We get into Tulsa at dark. The town is beautiful, with lots of neon and art deco and colored decals advertising burritos and cheap cell phones in the windows. We stop and eat, then on to Oral Roberts University, across from the mammoth church of the late televangelist himself. The entrance to the University is guarded by massive praying hands - the largest bronze sculpture in America, Brett tells me. We wonder whose hands they are modeled after. Oral Roberts himself, perhaps?

The campus was built in the 1960s under the serious influence of space-age architecture. The buildings don't just feel dated, they feel like they were always dated – ultra-modernism arriving late to Tulsa. As a result the buildings are fun and unpretentious, like a theme park version of the university of tommorrow.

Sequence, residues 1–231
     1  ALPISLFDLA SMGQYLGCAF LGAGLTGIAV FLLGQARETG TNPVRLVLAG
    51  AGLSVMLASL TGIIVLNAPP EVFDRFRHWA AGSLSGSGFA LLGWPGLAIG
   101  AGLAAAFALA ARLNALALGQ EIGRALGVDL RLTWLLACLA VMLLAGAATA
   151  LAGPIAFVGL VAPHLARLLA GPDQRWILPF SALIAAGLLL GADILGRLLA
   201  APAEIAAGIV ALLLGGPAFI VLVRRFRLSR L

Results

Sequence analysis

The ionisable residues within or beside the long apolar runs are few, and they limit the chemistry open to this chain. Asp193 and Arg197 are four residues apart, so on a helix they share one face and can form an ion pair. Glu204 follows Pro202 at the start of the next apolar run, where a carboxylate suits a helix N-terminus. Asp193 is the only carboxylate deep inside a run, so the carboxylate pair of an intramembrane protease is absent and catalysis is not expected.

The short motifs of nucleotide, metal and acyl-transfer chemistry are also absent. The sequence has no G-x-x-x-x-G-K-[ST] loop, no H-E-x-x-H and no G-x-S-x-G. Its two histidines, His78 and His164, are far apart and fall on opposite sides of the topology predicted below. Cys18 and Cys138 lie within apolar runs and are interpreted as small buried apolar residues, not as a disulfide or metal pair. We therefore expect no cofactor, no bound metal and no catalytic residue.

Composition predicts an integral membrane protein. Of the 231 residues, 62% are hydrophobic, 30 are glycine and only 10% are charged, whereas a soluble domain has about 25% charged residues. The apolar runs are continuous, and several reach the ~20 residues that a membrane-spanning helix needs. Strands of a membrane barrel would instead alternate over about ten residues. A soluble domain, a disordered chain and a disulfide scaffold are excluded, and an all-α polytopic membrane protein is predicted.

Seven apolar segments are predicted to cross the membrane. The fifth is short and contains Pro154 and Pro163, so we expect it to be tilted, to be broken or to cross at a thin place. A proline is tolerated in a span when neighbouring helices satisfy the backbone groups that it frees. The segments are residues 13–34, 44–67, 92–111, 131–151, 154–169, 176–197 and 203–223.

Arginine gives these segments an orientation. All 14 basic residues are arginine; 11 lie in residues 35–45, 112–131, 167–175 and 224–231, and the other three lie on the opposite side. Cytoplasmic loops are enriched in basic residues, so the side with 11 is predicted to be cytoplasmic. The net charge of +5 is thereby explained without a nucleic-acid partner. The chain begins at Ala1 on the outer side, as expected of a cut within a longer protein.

All of the buildings are centered around a massive "prayer tower." It is at least four stories tall, but most of the building is a metal monolith, with a thirteen-pronged star-shaped room extending out of its control-tower center. On top of the tower, an eternal flame blazes in the Oklahoma night. It is as if someone nailed the Space Needle into the ground and lit it on fire.

We wander around on the deserted walkways; Brett keeps calling the campus "Oral Robots." We stay in a place called the Interstate Inn that night. There are bugs and a literal hole in the wall. The man at the front desk tells us that "it isn't the Hyatt Regency." The tv gets unscrambled porn and religious shows; we watch a tv preacher and then go to bed.